When I first saw the Boko Haram panel that cartoonist Tom Humberstone cites as a straightforward example of “punching down”, I thought it was inexplicably offensive so I wanted to find out what the hell it was trying to say. It is in fact pointing out the hypocrisy of French conservatives condemning Boko Haram’s mistreatment of kidnapped girls while trying to remove welfare benefits from refugees seeking asylum in France. The pro-welfare magazine is lampooning the myth that vulnerable migrants are “welfare queens”, not cosigning it. (Vox’s Max Fisher explains it well here, comparing it to the New Yorker’s controversial 2008 Obamas cover, which also appears racist if you don’t know the background. Worth noting that Ricochet’s Leigh Phillips has yet another reading: “a clunky ‘first-world problems’ commentary on complaints over the French government restricting child benefits for top earners, suggesting that rich French people really have nothing to complain about compared to people’s travails in northeast Nigeria.”)
Likewise, the cartoon depicting Justice Minister Christiane Taubira, who is black, as a monkey horrified me until I learned that it was an attack on the National Front politician who made that comparison, the National Front being Charlie Hebdo’s favourite target.
Now you could argue, and I would, that using racist caricatures in the service of an anti-racist message is self-defeating and offensive, and that the magazine should have thought a lot harder about it depicted muslims and black people. (The closest comparison in music would be the Dead Kennedys’ Holiday in Cambodia. Satirising the mindset of privileged white college students, Jello Biafra included the line, “Bragging that you know how the niggers feel cold.” He soon decided that the ugliness of that word undermined the song and changed the line in all subsequent performances.) But you owe it to the dead cartoonists to understand their intent before crying racist.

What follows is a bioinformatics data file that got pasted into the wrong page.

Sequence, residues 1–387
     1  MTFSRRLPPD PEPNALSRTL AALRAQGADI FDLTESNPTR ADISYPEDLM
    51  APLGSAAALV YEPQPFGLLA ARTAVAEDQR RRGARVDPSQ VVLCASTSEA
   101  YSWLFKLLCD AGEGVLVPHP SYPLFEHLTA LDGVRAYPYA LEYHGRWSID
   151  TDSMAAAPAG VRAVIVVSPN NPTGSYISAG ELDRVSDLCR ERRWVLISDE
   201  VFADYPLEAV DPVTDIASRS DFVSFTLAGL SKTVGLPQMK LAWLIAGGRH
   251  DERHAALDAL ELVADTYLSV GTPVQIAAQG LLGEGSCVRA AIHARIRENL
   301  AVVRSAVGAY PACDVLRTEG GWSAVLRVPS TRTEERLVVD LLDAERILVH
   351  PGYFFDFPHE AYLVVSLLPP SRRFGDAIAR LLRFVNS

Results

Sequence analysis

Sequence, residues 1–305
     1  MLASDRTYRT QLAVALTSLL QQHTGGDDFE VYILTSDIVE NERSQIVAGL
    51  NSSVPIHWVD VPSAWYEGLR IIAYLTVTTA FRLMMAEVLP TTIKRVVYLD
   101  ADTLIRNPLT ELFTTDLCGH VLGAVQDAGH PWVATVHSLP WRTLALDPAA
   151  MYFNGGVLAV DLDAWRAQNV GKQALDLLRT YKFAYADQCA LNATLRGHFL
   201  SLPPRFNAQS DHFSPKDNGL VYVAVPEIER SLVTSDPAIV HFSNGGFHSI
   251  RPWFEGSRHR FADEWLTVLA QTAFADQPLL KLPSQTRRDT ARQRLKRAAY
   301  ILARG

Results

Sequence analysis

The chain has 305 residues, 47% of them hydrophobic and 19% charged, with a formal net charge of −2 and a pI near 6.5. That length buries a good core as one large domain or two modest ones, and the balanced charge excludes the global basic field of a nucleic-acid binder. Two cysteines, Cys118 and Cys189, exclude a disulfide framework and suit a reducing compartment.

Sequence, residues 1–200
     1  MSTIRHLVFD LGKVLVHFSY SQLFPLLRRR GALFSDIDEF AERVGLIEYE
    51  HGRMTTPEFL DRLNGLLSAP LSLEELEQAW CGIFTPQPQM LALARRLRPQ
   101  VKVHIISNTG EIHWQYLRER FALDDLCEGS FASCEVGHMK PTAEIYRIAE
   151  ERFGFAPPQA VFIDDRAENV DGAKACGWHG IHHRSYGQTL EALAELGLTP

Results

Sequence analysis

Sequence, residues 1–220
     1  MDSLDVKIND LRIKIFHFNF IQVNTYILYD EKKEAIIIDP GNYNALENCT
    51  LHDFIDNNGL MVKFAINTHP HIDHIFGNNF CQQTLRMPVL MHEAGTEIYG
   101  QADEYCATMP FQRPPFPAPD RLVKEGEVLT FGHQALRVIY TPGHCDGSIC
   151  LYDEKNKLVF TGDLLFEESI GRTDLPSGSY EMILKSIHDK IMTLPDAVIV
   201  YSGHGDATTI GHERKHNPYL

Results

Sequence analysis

On one level, this is just bad reading. Rule one of satire is that if something looks extremely objectionable at first glance then there’s a fair chance that it’s critiquing those objectionable attitudes. Jello Biafra didn’t really want to kill the poor and Randy Newman didn’t truly despise short people. Worse than that, it betrays a willingness to assume the worst and believe that Charlie Hebdo was the kind of magazine that mocked kidnapped Nigerians or compared black people to monkeys. When we’re talking about murder victims, such bad faith is deeply insulting and is a travesty of left-wing values.
As Leigh Phillips’ writes: “These otherwise well-meaning but non-French-speaking knights-in-social-media-armour have embarrassed themselves by spouting off about things they know not quite enough about. This is not clear-headed thinking. This is not leftist or anti-racist thinking.”
You don’t have to like these cartoons. I find many of them, like 90% of political cartoons to be frank, neither funny nor revealing. And as a fairly laidback British atheist, I struggle to understand the ferocity of French anti-clericalism. But even the ones depicting Mohammed (vastly outnumbered by those attacking the National Front and the French establishment) have a range of tones and targets that make a simple “punching up versus punching down” binary impossible. If you attack muslims en masse, you are punching down. If you attack extremists, some of whom run countries, you are punching up. In a single-panel cartoon, the difference is not always clear.
What the academic Danah Boyd calls “context collapse” is the root of a thousand Twitterstorms. When comments or jokes intended for one audience are read by another the misreadings can be dramatic. Sarcasm and ambiguity don’t travel well. This is a hazard of our age but when the people whose work we’re analysing have been gunned down, surely the least we can do is to take the time to understand what they were trying to say.